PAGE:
One Hundred and Ten
April 19, 2012 § Leave a comment
I’m a big girl now. No more pouting. No more feelings hurt from silly arguments with a BFF. I get to ride without training wheels, and stay up as late as I want. If so desired, I could watch The Smurfs or The Bodyguard. I could listen to my MC Hammer cassette tape without my mom taking it away from me. As a big girl I am allowed to get my nose pierced, talk on the phone as long as I want, and watch as many reruns of Saved By The Bell that I please. When I wake up in the morning I wear what I feel like. I am allowed to drink soda for breakfast, not comb my hair, and refuse a jacket.
I am a big girl now. No more wasting time. I want to stay up late and have slumber parties and drink soda for breakfast, but I don’t. Before the clock strikes 12 I have already turned back into a pumpkin. I wake up early wishing I would have woken up even earlier. If I drank soda for breakfast my pants would inevitably get tighter and my dentist bill grow. I got my nose pierced, but I wouldn’t want to listen to MC Hammer even if I could find that old cassette tape.
To a little girl restrictions on cartoons and music don’t make sense. Rules about soda at breakfast or too many hours in front of the television are not easy to comprehend. Emotions are all over the place, and the littlest things can be major dramas. But I am a big girl now. I have felt firsthand the consequences of my actions. My heart has been broken, I learned the lyrics to “Can’t Touch This,” and gave up soda for tea. In this wide open space of adulthood I have learned what rules I can break (I wear white whenever I want) and what rules I need to make (no vodka when I am sad…or happy). I have learned boundaries (unfortunately the hard way) and respect (for my elders, my sisters, myself, worms and daddy long-legs…). I have traded in Saved By The Bell for a couple of prime time comedies and some BBC News.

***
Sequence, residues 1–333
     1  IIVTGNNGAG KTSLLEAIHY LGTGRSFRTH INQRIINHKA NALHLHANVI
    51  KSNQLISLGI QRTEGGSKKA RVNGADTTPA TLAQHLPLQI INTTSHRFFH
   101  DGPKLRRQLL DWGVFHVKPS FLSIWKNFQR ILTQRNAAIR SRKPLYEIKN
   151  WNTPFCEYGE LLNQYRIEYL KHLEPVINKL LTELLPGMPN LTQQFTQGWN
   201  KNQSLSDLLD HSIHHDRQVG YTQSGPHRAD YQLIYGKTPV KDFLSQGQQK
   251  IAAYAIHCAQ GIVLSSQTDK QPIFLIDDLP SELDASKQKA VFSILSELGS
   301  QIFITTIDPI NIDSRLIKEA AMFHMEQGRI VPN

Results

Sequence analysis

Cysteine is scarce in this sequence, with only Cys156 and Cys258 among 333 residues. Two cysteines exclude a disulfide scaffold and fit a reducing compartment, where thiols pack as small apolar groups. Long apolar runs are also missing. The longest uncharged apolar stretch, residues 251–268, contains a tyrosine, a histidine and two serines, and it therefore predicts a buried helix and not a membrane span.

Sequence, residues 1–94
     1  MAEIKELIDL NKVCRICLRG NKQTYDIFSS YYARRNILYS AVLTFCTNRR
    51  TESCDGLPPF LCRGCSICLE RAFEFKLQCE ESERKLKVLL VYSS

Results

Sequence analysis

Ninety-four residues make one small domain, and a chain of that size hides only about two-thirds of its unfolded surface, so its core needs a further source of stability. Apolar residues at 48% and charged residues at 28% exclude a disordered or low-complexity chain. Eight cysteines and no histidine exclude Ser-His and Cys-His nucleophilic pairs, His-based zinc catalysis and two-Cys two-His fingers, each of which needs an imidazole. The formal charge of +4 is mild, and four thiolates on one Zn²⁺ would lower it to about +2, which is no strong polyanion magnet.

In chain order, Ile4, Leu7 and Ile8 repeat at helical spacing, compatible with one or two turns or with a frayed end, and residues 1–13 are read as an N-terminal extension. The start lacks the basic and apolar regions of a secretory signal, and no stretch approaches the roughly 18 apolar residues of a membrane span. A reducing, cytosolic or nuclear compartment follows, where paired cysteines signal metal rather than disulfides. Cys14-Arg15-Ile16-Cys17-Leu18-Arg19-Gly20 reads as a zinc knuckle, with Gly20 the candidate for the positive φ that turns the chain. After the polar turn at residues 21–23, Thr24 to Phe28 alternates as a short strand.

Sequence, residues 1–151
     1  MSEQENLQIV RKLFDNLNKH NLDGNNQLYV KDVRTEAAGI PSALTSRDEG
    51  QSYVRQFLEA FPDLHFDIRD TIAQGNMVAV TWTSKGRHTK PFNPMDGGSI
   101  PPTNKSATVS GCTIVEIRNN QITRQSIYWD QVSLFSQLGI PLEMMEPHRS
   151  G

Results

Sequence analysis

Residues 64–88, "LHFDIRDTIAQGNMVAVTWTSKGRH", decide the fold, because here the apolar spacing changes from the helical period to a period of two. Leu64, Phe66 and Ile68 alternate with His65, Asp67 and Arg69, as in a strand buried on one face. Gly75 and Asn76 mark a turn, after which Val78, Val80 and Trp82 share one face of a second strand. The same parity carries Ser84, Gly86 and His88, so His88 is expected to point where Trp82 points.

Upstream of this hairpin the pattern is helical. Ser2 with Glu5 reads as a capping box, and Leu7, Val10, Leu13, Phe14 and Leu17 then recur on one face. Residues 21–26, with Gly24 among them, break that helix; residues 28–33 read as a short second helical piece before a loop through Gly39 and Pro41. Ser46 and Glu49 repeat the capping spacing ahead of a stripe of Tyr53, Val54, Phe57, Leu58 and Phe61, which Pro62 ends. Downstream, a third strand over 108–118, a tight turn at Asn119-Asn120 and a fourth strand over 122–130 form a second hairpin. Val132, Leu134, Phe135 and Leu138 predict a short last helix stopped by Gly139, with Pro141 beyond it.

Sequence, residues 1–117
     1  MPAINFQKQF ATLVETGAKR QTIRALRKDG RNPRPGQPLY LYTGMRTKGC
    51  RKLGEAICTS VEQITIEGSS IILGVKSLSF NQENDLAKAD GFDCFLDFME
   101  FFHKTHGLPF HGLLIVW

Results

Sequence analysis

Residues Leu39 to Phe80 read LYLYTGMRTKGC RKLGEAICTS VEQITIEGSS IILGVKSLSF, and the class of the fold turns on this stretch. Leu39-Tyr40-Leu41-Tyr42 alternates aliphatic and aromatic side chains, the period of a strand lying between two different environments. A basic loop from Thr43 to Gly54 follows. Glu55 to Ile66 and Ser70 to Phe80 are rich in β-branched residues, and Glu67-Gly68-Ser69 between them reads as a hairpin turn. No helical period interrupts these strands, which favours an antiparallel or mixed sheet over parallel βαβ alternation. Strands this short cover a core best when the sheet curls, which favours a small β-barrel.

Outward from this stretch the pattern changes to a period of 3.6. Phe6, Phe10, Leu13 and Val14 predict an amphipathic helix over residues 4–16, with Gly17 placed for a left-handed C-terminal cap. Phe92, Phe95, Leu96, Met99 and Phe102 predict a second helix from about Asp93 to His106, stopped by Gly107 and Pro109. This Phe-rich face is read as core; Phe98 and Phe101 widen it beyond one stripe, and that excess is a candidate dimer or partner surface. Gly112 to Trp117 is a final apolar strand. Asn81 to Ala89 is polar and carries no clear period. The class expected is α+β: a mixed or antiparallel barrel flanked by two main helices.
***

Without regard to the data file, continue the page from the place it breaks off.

Big girls do cry… but they don’t pout. I get to carry on with my dignity, trudge through the playground of adult relationships with my head held high, and finally understand the meaning of love. It has not really been the stuff of fairytales, but I wouldn’t go back to my little girl days if I could. Being a big girl means making big girl decisions – the fun and the not so fun ones. I have a lot more choices now – skills to cope with my emotions, how I will spend my “Hammer time”, and what I will have for dinner. I still have to try my hardest to refrain from thinking bad thoughts about people or saying things that are untrue, but at the end of the day, when it is nearly midnight and I am still (barely) awake, I am reminded that being a big girl really isn’t all that bad. And with that thought I sleep like a baby.